Hong Kong’s financial bosses want staff to adapt to automation at work and upgrade skill sets
Almost three quarters say office automation will not mean fewer jobs, but instead a shift in skills required of financial professionals
Hong Kong’s top financial executives are embracing automation in the workplace and urging employees to enhance their problem-solving skills and adapt as machines replace manual duties, a survey has found.
Recruitment consultancy Robert Half polled 100 chief financial officers and financial directors at companies in a range of industries, including business services, marketing and logistics. The executives were questioned about their views on automation and expectations for finance staff.
Some 72 per cent agreed that office automation would not cause a loss of jobs, but instead a shift in the skills required of financial professionals.
“Rather than simply hand over control to robots, finance professionals can actively equip themselves with the skills required to leverage the capabilities of automation,” said Adam Johnston, managing director of Robert Half Hong Kong.
“Using more advanced technology in the workplace requires additional, well-developed skills, such as advanced data analysis, interpretation skills, and decision-making skills.”
The survey found 54 per cent of corporate financial bosses wanted employees to more deeply develop their problem-solving skills; 53 per cent said staff should have strategic vision for the company; 34 per cent wanted workers to adapt; and 33 per cent emphasised communication skills.
Automative solutions are increasingly being adopted in the corporate world, from technology that frees accountants from manual calculations and tax filings, to self-checkout machines at supermarkets and department stores.
The survey also showed 55 per cent of financial bosses believed automation could bring them better decision-making capabilities; 50 per cent thought it would free up employees to take on more value-added work; and 49 per cent said they foresaw increased efficiency and productivity.
“Contrary to many perceptions about the potential dangers of automation, the benefits of new technologies are attainable for companies who embrace workplace automation rather than resist it,” Johnston said.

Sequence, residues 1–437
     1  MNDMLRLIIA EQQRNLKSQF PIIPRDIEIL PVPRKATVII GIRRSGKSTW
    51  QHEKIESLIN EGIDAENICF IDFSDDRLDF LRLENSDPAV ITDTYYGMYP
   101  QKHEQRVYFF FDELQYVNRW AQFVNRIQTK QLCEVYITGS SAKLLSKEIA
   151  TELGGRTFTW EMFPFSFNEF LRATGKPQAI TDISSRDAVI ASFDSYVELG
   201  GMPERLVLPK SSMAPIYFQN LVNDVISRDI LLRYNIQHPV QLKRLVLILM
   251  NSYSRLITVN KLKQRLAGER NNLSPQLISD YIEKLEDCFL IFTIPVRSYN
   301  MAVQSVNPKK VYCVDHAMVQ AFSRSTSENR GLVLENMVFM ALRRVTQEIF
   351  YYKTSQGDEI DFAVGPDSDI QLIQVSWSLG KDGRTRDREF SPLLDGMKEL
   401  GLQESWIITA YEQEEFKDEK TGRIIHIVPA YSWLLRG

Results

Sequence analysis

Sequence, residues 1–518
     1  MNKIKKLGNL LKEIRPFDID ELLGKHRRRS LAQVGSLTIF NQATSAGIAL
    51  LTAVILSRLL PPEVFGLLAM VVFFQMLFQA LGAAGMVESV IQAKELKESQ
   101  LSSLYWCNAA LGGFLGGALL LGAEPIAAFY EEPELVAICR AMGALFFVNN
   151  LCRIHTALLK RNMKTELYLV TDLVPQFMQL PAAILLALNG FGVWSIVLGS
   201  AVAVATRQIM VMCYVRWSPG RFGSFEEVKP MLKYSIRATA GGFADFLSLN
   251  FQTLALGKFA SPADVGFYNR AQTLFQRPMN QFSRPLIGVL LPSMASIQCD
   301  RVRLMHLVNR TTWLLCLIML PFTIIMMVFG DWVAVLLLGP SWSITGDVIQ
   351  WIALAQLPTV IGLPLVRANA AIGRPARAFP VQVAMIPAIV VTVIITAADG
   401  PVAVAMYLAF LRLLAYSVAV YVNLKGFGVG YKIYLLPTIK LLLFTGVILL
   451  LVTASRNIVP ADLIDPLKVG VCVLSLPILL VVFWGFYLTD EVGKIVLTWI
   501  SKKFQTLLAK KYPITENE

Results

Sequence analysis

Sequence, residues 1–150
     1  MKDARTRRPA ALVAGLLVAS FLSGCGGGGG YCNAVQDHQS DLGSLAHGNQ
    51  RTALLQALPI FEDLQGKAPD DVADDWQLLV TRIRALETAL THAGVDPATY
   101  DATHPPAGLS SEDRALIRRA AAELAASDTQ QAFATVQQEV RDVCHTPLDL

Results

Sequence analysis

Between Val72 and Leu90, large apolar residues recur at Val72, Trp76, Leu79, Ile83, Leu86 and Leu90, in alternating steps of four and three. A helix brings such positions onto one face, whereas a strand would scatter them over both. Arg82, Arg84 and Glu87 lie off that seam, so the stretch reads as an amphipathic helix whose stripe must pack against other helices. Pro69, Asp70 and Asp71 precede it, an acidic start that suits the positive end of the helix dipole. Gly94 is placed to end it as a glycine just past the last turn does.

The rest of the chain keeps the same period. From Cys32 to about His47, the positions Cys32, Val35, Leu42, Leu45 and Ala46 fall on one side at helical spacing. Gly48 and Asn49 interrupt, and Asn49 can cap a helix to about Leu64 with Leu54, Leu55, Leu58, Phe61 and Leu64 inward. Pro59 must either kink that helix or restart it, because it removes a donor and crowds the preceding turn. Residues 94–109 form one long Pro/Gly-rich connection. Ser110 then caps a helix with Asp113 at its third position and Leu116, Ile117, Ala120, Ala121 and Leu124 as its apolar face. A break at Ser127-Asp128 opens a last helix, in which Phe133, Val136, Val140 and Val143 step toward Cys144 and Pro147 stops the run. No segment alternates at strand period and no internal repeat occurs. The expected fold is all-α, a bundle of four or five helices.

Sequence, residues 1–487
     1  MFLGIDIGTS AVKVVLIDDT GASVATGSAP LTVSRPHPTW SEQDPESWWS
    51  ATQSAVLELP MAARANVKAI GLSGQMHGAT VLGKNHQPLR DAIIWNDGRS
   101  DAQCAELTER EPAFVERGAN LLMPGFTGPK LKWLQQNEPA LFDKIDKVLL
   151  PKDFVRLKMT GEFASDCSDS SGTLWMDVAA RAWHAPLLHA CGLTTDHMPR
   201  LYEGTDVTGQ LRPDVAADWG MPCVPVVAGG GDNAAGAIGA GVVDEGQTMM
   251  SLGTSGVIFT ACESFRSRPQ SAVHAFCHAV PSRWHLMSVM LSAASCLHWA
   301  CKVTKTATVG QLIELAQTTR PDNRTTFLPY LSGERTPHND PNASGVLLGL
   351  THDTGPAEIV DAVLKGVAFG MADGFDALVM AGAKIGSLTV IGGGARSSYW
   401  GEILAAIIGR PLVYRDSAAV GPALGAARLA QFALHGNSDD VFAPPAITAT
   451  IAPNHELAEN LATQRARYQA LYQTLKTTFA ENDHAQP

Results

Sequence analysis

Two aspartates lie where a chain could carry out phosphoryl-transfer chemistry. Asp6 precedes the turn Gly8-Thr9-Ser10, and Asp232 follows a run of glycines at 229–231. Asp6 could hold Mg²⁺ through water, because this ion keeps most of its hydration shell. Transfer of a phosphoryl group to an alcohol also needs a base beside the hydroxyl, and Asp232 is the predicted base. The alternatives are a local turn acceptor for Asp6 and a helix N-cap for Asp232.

“While automation may diminish some routine manual roles, it will lead to faster decision making, reduce the risk of errors, and eliminate stresses associated with laborious task-management responsibilities.”
The poll also found 51 per cent of financial chiefs believed their staff could learn new skills more quickly by embracing automation. But 69 per cent admitted companies still had “a long way to go” in adapting to the phenomenon.
“Change is happening and companies need to adapt to an increasingly automated workforce – though there’s still a long way to go,” Johnston said. “It will be an ongoing process for companies to fully adapt to change, and Hong Kong organisations understand they need to refocus the workforce to truly realise the benefits of combining the right human skills with new technology.”
Lancy Chui, senior vice-president for Greater China at human resources firm ManpowerGroup, said big companies were more inclined to embrace automation than small ones because it took money to invest in it.
“Once the implementation has started, companies realise the investment is worth it,” Chui said. “It doesn’t mean companies don’t need any staff any more, because you still need people to check that the analysis is correct.”